Now, this was not socialist realism, or even liberal realism, which says that all people are products of great historical forces in a world they never made: that all people are sociology. Robert Johnson’s music wasn’t just a rent in the bourgeois life I’d lived; it was a rent in the theories of the leftists who’d fought against that life, who reached their high point in the ’30s, at the very moment Johnson was singing. The bourgeois view of the world said people like Robert Johnson didn’t count; the socialist realist view of the world said that he’d been made not to count, and that if by some miracle he’d made his voice heard, it was as the voice of the irrepressible will of the people — in other words, as sociology; as an individ­ual, he didn’t even exist. But this wasn’t what I heard. I heard a particular person, someone no sociological construct could have predicted, or even allowed for. Years later I would read Albert Murray’s comments on Bessie Smith — he said, more or less, that writers have tried to tie the expressive power of Bessie Smith’s music to the pain and suffering of black people in America, and then he wondered why, if this were so, 400 years of slavery and oppression, of pain and suffering, had not produced another Bessie Smith. Albert Murray, a black writer, was trying to rescue Bessie Smith from socialist re­alism; he was trying to grant her the subjectivity, the autonomy, that in the Unit­ed States is automatically granted any white artist. She was, Murray was saying, a genius. And, as Freud said, everyone knows genius is incomprehensible. Com­ing from the premier 20th century advo­cate of rationalism, that is saying something.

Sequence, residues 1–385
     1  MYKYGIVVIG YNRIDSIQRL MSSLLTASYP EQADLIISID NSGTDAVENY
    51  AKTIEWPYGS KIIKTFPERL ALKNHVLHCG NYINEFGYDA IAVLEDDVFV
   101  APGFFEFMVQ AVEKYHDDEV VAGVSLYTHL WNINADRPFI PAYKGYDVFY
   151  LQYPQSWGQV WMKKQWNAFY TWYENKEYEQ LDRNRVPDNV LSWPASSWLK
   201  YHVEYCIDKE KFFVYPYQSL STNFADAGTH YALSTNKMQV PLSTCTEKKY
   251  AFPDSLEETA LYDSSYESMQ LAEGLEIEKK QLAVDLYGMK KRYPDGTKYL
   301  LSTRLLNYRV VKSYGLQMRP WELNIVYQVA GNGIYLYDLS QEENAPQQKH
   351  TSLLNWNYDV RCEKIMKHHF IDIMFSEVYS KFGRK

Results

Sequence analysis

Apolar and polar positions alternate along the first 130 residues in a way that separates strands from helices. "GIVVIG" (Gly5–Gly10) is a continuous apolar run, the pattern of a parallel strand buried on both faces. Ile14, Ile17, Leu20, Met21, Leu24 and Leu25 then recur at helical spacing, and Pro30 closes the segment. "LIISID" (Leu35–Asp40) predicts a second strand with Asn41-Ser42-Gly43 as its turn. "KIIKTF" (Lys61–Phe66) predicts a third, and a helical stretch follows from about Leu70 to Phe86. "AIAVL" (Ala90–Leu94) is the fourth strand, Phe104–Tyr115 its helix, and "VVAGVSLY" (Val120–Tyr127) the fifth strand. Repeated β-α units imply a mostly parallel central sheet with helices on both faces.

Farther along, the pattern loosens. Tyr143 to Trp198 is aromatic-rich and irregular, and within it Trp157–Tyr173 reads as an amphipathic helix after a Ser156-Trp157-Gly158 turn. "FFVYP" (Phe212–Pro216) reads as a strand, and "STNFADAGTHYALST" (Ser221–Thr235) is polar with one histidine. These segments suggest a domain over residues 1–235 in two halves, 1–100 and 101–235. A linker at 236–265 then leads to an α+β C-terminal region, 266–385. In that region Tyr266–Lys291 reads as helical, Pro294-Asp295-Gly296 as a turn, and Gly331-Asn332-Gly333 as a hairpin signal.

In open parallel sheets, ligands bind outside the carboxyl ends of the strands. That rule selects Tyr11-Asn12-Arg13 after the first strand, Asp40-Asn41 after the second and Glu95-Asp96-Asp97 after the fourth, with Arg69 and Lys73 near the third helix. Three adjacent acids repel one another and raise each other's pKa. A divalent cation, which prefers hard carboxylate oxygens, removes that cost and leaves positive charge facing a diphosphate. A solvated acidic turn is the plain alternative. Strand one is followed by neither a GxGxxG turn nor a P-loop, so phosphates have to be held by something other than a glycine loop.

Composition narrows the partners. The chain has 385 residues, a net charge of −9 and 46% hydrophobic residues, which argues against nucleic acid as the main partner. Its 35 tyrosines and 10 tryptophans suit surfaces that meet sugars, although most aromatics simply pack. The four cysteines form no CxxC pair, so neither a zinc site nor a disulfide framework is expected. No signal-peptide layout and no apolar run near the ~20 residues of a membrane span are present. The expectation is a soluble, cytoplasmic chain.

I wasn’t ready to deal with this — this sort of autonomy. Instead I tried to un­derstand the form — the genre, the sociol­ogy. I became obsessed with Mississippi Delta country blues — primitive blues, it was called in the notes to the Robert Johnson album. I learned a lot about it. I bought everything I could find. I learned about the first country blues performers to record, men much older than Robert Johnson: Charlie Patton, Son House, Willie Brown, Skip James, Garfield Akers. I heard a music that was rich, fierce, funny, and bitter. But I kept lis­tening to Robert Johnson, and what I learned still didn’t touch what he was doing.

I learned that blues had come into be­ing — was invented, was discovered, I don’t know the right word — around 1900, probably in the Mississippi Delta; wher­ever it came from, the sound was soon heard across the South. Everyone, black and white, who heard this new sound — ­all those with enough education to write down their thoughts on what they heard — said the same thing. It didn’t matter if it was some benevolent rich white woman or W.C. Handy of Mem­phis, who later named himself “the Fa­ther of the Blues.” They all had the same reaction, used the same words: “Weird.” “Strange.” “Eerie.” “Unearthly.” “Devil­ish.” “Terrifying.” “Not of this world.”